Love Locked: the Low Down!
Paris is known as the city for lovers, never more evident than when strolling around Paris on a cool spring evening, with couples caressing and canoodling beside the river banks as a saxophone player serenades them. But how exactly does one ‘lock’ their love in this most romantic of cities?
The idea is you grab a padlock, write your name (or initials) and that of your lover’s, attach said padlock to the bridge and throw the key into the river. And just like that, voilà, your love is sealed for all of eternity.
Background on the “Love Locking” Tradition
Locking your love on a bridge is a relatively new trend that has exploded over the past couple of years so let’s delve into how this tradition got its roots. To the surprise of many, the tradition of attaching locks to the Pont des Arts bridge did not originate in Paris. It is thought to have come from an ancient Chinese custom, although many attribute it to a Serbian tale going back to World War I. A local girl Nada was bethrothed to Relja, an officer, but he fell in love with another whilst fighting in Greece. He broke off their engagement and Nada died of a broken heart. Women in her small spa town of Vrnjačka Banja, frightened of suffering the same fate, would write their and their lover’s names on padlocks and attach them to the very bridge where Nada and Relja had meet.
It was more recently in Italy, however. that this trend exploded. In 2006, author and screenwriter Federico Moccia published the book Hai Voglia di Te (in English, I Want You). Looking for a symbolic way to express the strong love that his protagonist characters had towards one another, Moccia came up with the idea of attaching the locks to a bridge. As a tangible way to say that “we will never leave each other”, the couple bought a lock and attached it to a lamppost on the Ponte Milvio in Rome, and threw away the key in the Tiber River below. The movie version the following year, directed by Luis Prieto, immortalised this moment and it became an iconic scene from the movie.
Not long after, people were flocking to Ponte Milvio to express their love just as the novel’s main characters had done. While at first this seemed to be a totally romantic and acceptable practice, Italian citizens soon became fed up with this tourist practice that was destroying the scenery of their city. Not only were the locks on the bridge an eyesore for the residents of Rome, but they also were quite architectually damaging to the lamp post and the surrounding bridge. In 2007, the town officially put an end to the “love locking” when a portion of the lamp- post collapsed due to the heavy extra weight from the locks that it was never built to bear. As a way to discourage people from continuing to attach locks to Ponte Milvio, the town made a website where you can attach a “virtual lock.”
Love Locks Arrive in Paris
As the locks were banned in Italy, what better place to “lock your love” than the City of Love itself? This trend quickly moved from Ponte Milvio to ‘Lovers’ Bridge’ in Paris – a beautiful bridge crossing the Seine for couples to promise their love to one another.
Quick – can you rattle off the actual given name of Lovers’ Bridge in Paris? It is quite interesting that many tourists, when asked this question, have absolutely no idea. This exemplifies just how much the trend has taken over – that so many people now refer to the Pont des Arts bridge as the place where people go to “lock their love”. Indeed, one of the first results on Google when searching “Love Lock Bridge” is on TripAdvisor. Clearly, if the spot has a TripAdvisor page under its commercialised name and not its historically-given one, you may be forgiven for not knowing its true name.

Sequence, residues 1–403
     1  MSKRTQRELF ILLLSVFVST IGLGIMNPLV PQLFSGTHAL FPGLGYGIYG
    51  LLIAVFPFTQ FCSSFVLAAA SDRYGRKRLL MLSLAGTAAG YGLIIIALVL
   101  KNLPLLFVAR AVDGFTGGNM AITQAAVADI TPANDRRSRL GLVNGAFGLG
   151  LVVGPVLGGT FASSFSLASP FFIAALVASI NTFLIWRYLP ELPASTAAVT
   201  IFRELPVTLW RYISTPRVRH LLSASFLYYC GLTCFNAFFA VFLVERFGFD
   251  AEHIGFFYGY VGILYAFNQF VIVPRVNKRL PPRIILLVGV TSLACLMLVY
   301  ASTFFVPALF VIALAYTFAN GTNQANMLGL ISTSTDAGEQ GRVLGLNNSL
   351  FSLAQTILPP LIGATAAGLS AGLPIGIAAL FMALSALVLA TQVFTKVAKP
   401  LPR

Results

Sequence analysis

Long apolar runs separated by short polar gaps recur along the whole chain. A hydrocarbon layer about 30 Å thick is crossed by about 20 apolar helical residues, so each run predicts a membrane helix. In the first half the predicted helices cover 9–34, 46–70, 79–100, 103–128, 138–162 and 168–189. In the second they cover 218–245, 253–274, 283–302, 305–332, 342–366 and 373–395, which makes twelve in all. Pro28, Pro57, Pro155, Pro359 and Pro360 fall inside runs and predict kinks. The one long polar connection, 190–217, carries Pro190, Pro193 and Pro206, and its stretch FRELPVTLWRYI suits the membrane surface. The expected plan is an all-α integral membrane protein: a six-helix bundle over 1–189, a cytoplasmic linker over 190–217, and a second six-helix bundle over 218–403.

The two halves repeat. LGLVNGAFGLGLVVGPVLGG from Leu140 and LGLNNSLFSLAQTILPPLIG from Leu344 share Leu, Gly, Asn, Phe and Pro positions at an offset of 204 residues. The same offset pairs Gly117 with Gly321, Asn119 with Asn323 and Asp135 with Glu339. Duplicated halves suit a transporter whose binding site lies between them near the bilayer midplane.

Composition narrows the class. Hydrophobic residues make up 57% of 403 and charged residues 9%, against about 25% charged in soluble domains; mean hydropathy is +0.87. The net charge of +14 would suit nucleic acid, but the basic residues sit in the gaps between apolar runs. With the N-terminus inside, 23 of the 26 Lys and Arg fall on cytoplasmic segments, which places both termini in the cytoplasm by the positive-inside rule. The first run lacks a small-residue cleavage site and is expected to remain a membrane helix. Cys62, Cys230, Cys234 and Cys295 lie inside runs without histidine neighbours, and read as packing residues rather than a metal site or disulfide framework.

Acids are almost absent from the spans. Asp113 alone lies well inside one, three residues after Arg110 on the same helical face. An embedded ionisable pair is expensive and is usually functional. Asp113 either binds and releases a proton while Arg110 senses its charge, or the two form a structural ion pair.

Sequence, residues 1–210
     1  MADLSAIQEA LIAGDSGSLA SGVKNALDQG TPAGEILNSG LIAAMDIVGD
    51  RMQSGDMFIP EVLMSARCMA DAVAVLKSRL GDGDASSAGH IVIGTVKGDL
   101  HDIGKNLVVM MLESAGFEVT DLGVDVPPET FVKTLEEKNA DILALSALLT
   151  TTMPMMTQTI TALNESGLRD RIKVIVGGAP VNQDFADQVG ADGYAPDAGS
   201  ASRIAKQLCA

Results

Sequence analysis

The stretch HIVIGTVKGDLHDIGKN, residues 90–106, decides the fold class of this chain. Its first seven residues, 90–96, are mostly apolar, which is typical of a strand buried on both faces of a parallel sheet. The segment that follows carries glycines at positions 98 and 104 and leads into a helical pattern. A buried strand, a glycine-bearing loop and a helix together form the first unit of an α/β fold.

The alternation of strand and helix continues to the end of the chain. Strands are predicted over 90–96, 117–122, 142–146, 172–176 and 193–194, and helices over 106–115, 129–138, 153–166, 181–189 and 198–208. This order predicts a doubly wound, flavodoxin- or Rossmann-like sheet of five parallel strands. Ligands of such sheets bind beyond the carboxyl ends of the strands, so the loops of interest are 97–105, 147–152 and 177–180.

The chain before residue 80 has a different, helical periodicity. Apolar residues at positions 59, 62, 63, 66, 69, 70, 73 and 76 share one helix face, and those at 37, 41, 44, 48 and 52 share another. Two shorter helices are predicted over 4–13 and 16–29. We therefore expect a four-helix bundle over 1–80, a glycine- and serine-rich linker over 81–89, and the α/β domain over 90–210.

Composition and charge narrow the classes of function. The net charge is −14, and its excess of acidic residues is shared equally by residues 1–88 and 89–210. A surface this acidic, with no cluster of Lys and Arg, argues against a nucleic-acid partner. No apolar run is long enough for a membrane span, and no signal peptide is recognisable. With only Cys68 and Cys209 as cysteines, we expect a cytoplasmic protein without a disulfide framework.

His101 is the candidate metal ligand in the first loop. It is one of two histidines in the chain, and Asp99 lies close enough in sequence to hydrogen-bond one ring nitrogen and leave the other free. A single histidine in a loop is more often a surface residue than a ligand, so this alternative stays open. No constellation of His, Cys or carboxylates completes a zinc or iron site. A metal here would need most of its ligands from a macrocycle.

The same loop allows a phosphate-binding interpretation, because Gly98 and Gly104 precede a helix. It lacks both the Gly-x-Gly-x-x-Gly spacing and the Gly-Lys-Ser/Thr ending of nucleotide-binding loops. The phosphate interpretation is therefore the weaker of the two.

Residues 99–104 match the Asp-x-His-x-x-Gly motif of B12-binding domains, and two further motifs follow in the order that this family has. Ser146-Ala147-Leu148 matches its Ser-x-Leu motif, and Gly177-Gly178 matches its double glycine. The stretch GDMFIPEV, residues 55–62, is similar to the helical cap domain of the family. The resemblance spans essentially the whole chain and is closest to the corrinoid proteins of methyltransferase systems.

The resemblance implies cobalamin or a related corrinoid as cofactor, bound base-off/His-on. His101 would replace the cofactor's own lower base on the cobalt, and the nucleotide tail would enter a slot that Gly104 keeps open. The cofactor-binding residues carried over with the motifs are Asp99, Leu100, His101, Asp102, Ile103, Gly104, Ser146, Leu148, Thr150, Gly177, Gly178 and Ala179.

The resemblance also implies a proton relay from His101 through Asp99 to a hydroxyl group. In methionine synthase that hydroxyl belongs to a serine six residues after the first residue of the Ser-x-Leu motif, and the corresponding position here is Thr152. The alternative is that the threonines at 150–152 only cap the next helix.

Je T’aime Pour Toujours
If you are a bit of a magpie, you’ll appreciate the way all the padlocks glisten in the sun like golden treasure and just the sheer amount of ‘love’ there is to behold. It is pretty overwhelming and awe-inspiring to think of the couples who have journeyed to one spot, all united in their purpose to cement their love. Indeed, people from all over the world have flocked to seal their love on Paris bridges and it has done the tourism industry no harm at all. People who wander over the bridges nonchalantly unaware of the Love Lock history have stopped to take it in.
You’ll encounter padlocks attached to padlocks attached to padlocks, which makes menage-à-trois or menage-à-700,000 (terrible, but irresistible joke)! It is even rumoured that as much as Pont des Arts is for lovers, the smaller Pont de l’Archevêché bridge behind Notre Dame is for mistresses because, bien sûr, the French have a bridge just for that!
An entire industry has sprung up around this trend. There’s been an explosion of illegal merchants selling locks on the bridges and running at the first sign of the police. There are websites dedicated to engraving padlocks for a small fortune for your special day .
That’s it! We are so over!
But what if you break up after having sealed your love for all eternity? I mean, eternity is a long time. A guy that sells padlocks in the south of Paris says he gets calls daily from jilted lovers who want to remove the padlocks at any cost. People have been known to hunt down their lock and try to ply it off with bolt cutters because you don’t want to mess with eternity. It’s surprising that no one has dived into the river to try and retrive their key. It would be a futile attempt with the river bed littered with thousands of keys, and it’s not as if the French firemen (pompiers) don’t have a hard enough job with the run-of-the-mill river jumpers.
Who’s Locked their Love in Paris?
Kourtney, Scott and Mason hit the love lock bridge on Keeping Up With the Khardashians
Now You See Me
The one movie to feature the love-locked trend on Pont des Arts ‘Lover’s Bridge’ is 2013’s Now You See Me. You can see from the movie photos that the trend wasn’t as crazy as it has been recently as you can see the water through the fences. whereas nowadays with the plethora of locks, it is impossible to see any water at all.
Dylan (Mark Ruffalo) and Alma (Mélanie Laurent) meet in Paris on Pont des Arts at the end of the film
They attach a lock onto the bridge